Bean can recite with accuracy to the kilogram how much she weighs, and how much my ex weighs. They have a bathroom scale ritual. My ex models diet culture with a weight chart on the wall. At shopping centres, Bean asks for money for the scales to weigh herself more than for any other ‘amusement’.
I say no but I struggle to explain why.
My partner tells her that weighing oneself is boring. I say that it’s not important, that she is more than a number, that what the scales say doesn’t tell her anything worthwhile.
I want to tell her it’s because she is breaking my heart. I want to tell her it’s because I have taught girls with anorexia and bulimia. I have watched their bright eyes fade, their ideas and writing falter, the gnawing in their guts fail to drown out the pain in their skulls. Right there in the classroom, I have watched them gradually dying.
I am afraid that fat or thin my daughter will fail to grasp how much her vitality and pluck, her bold voice, the poignant beauty of her young skin, adds to the world. I am afraid that she will feel the need to make herself small — physically, or otherwise. Girls, after all, are not meant to take up too much space.
We don’t spend money on fashion magazines, or Barbies and Disney princesses, or consume commercial media, or dwell at the make-up counter. My partner and I introduce Bean to friends with values that align with our own; women with intellect and independent spirits, women who critique and reject some of the pressure to conform to beauty norms. We express our femininity in fluid and individual ways. We talk about why we make the choices we do, and emphasise that they are choices. We like pretty things; we are more than pretty things.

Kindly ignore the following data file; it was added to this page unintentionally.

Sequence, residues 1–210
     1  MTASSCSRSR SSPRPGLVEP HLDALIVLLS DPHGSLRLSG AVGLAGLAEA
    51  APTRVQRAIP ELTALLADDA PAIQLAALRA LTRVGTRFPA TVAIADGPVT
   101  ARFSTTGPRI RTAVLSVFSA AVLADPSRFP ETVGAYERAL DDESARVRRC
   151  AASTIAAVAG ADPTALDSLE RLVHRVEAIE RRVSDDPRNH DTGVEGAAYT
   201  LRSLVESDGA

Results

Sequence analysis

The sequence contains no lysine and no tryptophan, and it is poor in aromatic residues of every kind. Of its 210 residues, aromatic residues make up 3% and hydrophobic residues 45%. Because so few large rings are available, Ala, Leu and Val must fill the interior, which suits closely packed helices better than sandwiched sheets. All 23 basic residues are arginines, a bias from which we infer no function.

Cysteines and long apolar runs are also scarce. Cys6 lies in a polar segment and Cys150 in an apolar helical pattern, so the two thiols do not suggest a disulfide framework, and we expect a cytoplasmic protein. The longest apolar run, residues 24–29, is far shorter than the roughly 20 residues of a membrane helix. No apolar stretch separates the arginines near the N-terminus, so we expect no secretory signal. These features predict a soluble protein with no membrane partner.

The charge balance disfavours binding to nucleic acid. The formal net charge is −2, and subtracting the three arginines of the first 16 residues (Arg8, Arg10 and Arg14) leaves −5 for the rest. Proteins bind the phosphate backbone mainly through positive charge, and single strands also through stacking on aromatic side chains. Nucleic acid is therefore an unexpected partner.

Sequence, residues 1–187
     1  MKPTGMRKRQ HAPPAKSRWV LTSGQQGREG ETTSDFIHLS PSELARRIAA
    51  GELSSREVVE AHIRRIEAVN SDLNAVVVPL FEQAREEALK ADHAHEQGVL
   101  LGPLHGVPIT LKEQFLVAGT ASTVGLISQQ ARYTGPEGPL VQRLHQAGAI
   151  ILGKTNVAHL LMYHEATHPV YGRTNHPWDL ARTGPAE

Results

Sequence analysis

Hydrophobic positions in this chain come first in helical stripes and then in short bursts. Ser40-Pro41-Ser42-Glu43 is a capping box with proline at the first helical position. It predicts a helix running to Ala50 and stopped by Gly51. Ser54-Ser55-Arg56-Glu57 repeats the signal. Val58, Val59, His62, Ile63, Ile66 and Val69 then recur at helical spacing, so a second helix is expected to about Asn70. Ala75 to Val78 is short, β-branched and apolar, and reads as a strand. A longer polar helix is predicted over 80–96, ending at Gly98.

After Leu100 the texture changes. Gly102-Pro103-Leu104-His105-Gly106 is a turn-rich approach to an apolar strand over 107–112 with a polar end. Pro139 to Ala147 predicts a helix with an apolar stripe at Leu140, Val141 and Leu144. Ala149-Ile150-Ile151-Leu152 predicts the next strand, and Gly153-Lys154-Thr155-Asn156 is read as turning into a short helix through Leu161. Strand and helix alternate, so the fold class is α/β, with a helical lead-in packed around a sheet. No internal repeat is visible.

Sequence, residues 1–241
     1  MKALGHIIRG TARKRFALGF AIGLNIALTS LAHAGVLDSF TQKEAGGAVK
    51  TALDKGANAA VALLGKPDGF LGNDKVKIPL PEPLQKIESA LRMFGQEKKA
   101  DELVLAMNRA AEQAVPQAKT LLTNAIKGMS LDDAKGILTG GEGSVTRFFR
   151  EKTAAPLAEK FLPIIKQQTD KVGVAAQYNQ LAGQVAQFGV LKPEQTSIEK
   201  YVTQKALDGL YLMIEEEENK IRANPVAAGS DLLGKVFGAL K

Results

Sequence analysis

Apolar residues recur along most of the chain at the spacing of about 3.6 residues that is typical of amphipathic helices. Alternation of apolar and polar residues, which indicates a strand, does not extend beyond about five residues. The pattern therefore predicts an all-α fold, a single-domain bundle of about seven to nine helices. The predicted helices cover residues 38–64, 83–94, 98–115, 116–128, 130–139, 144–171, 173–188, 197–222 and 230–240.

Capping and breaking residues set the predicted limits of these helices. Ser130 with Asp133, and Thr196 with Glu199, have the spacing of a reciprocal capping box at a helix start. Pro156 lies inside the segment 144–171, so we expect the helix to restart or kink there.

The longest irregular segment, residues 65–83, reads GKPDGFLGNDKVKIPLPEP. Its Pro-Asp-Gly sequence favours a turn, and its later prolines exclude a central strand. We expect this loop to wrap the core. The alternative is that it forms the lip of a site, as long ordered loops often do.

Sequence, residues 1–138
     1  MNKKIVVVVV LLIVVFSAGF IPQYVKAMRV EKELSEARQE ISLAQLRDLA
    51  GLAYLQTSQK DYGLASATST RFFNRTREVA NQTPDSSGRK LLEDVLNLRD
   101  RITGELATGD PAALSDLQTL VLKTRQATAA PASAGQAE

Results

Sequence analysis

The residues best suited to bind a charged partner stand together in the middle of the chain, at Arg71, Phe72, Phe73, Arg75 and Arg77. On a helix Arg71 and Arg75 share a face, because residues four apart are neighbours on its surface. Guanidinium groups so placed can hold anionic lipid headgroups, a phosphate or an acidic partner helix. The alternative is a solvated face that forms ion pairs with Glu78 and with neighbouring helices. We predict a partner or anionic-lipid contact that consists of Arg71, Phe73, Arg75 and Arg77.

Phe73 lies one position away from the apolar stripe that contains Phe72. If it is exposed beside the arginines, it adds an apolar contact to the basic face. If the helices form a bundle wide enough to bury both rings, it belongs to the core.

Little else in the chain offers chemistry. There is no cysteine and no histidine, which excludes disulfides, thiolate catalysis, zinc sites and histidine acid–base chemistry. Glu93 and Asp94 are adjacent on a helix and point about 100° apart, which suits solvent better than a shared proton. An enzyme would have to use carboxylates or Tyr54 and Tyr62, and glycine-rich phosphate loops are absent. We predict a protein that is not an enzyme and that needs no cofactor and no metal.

I hope there is refuge in this.
Do I look beautiful mama?
Do you know what is beautiful? Your big kind heart.
At the same time as the media tells women we are all ugly, all too huge, all in need of expensive ‘treatments’, it directs mothers to model good self esteem for daughters. Body image advocates stress that mothers should avoid ‘fat talk’ around their kids, lest they pass on their hatred of their minor body ‘flaws’ to impressionable youth. There is no space to talk about what happens when mums are fat, when their bodies are unmentionable.
Bean’s parents inhabit aberrant bodies. We face stigma and revulsion. Comfort with our bodies is a hard-won luxury that is repeatedly challenged whenever we leave the house, turn on the television, go to the doctor. Avoiding negative self-talk is all very well, but what of cultural negativity? What of fat stigma, what of transphobia?
In seeing the beauty in each of us, Bean is enacting radical body positivity each day.
She will be challenged on that, too. Almost nothing, almost no one, will affirm her admiration for her parents and her acceptance of our bodies.
If she makes it through without feeling the need to strive even harder for social approbation than the average teenager, she will prove to be even more amazing than I already know her to be.
Again, we stand together in front of the bathroom mirror.
I hope I look like you when I grow up, mama. Beautiful mama.
My ever-beautiful Bean.